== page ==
Image credit: New Belgium
New Belgium Brewing: New Belgium is an iconic American craft brewery that was co-founded by husband and wife Jeff Lebesch and Kim Jordan in 1991. While Lebesch was in charge of the brewing process, Jordan was the brewery’s first bottler, sales rep, distributor, marketer, financial planner, and longtime CEO (we stan a multi-talented queen)! New Belgium Brewing offers a variety of craft beers, including IPAs, saisons, and sour beers, but they are most known for their American amber ale, Fat Tire.
Image credit: SGBC
- Specific Gravity Beverage Company (SGBC): SGBC is a Singaporean craft brewery that was founded by Kim Wong and Devin Otto Kimble in the second half of 2020. Instead of making intensely flavoured, palate-saturating beers that dominate the beer industry today, SGBC focuses on creating lighter, sessionable beers to attract more than just hardcore beer aficionados.
These are just a few of the many women-led breweries that you can show your support to! By supporting women-led breweries, you are helping to promote gender diversity in the male-dominated brewing industry.
Empowering women in beer!
Besides women-led breweries, there are also many inspiring women brewmasters who have not only shown their expertise in their craft, but have also paved the way and supported women in the beer industry.
Image credit: Stoudts Brewing Company
Carol Stoudt is a pioneering figure in the American craft beer industry who co-founded Stoudts Brewing Company, one of the first microbreweries in the United States, in 1987. Stoudt was one of the first women in the United States to become a certified brewmaster, earning her certification from the Siebel Institute of Technology in Chicago.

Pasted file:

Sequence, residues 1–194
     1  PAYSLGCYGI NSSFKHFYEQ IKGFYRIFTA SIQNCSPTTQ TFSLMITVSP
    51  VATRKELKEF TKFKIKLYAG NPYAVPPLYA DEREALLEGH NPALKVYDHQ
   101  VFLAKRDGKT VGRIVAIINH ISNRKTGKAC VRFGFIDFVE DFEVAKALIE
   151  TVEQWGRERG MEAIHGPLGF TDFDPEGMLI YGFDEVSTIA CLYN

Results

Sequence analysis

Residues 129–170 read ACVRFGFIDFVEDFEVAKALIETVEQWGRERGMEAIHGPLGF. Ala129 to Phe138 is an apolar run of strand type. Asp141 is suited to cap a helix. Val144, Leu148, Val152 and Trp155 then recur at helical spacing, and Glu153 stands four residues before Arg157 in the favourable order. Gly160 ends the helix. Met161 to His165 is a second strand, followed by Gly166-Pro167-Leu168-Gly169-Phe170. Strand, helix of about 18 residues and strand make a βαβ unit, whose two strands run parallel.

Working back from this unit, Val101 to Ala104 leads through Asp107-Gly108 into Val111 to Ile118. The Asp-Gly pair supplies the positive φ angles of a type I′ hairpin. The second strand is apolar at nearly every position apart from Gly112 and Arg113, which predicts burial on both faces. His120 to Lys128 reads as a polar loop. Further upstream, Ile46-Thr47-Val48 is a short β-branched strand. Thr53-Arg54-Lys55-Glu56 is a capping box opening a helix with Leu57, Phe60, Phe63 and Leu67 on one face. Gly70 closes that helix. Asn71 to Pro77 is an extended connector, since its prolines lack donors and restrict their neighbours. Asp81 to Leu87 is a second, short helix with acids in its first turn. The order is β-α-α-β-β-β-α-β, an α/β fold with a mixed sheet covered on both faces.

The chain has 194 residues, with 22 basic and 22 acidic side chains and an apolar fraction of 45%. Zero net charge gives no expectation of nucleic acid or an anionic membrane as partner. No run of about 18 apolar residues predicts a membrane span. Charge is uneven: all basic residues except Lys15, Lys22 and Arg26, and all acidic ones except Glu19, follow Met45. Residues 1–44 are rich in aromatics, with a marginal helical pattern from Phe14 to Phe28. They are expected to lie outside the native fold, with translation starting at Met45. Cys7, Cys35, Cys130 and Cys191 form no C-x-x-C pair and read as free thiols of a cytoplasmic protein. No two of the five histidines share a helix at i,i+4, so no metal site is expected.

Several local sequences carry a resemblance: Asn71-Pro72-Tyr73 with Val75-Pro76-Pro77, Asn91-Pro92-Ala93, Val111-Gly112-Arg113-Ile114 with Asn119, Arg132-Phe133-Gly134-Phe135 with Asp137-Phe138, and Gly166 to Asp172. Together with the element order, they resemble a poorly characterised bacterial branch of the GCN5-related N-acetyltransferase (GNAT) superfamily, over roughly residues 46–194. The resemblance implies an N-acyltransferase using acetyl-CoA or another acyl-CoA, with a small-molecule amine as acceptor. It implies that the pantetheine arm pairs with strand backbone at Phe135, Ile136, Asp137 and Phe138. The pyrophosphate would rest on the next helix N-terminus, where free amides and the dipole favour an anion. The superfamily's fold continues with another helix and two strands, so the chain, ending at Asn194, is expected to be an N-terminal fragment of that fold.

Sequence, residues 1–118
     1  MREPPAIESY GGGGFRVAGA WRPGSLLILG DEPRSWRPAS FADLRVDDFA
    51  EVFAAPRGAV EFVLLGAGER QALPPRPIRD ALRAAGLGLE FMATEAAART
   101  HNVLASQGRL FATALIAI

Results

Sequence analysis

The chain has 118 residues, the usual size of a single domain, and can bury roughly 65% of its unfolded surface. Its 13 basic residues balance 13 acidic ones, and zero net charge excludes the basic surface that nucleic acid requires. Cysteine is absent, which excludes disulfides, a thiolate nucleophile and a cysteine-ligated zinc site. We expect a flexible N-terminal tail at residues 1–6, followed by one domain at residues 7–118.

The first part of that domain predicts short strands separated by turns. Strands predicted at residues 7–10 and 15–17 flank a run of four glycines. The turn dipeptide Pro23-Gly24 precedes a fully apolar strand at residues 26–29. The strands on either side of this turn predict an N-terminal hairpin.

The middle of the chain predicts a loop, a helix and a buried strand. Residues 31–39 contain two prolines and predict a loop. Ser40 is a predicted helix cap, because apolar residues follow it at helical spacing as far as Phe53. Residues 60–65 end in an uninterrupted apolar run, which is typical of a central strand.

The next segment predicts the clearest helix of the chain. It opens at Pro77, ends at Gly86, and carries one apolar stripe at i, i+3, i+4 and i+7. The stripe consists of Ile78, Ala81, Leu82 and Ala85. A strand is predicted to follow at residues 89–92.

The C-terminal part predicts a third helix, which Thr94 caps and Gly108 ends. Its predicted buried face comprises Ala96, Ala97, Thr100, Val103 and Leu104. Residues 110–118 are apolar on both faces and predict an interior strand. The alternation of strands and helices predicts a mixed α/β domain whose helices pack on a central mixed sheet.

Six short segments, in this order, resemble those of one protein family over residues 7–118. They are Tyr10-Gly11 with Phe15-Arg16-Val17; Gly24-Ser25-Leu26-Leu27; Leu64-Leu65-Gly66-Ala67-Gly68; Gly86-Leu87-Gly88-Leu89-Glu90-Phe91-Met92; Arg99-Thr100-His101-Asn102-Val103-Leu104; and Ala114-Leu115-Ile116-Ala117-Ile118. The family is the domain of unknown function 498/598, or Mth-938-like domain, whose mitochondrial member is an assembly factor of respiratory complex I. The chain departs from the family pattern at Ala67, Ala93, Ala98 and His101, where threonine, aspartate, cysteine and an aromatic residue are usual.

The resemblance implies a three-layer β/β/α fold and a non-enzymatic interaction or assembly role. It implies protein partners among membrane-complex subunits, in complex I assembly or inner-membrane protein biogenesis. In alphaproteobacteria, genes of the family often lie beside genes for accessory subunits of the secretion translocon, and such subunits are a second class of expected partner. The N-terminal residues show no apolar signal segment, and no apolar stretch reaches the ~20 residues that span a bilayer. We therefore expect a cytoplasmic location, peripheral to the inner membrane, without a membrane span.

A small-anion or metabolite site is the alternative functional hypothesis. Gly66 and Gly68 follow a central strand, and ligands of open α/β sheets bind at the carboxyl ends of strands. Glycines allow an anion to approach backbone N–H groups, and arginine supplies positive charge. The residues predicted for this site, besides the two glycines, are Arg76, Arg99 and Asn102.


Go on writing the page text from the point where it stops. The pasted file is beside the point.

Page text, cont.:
In addition to her amazing work at her brewery, Stoudt has been a mentor to many women in the craft beer industry. Stoudt encouraged many women to pursue careers in brewing and advocated for greater diversity and inclusivity in the beer industry. Stoudt also founded the Pink Boots Society as a way to empower women beer professionals. Today, the non-profit organisation has over a thousand members worldwide and provides education and support to women in brewing.
Image credit: RedDot BrewHouse
In Singapore, we also have our very own skillful female brewmaster - Crystalla Huang. Huang is Singapore’s first and only female certified brewmaster among roughly 15 other brewmasters. Huang is known for her innovative and creative beer recipes, incorporating local ingredients and flavours into her brews. Her Sauvignon Ale, a delicious and fruity IPA, won the "World’s Best Experimental Beer" award at the World Beer Awards in 2017!
Although the percentage of women in brewing today isn't as impressive as it was back then, there has been a growing movement to increase the representation of women in brewing. The efforts in supporting women in the beer industry have been beneficial, but women still face challenges in this male-dominated industry today. It is thus vital to continue to support and promote women in brewing in order to create a more inclusive and diverse industry!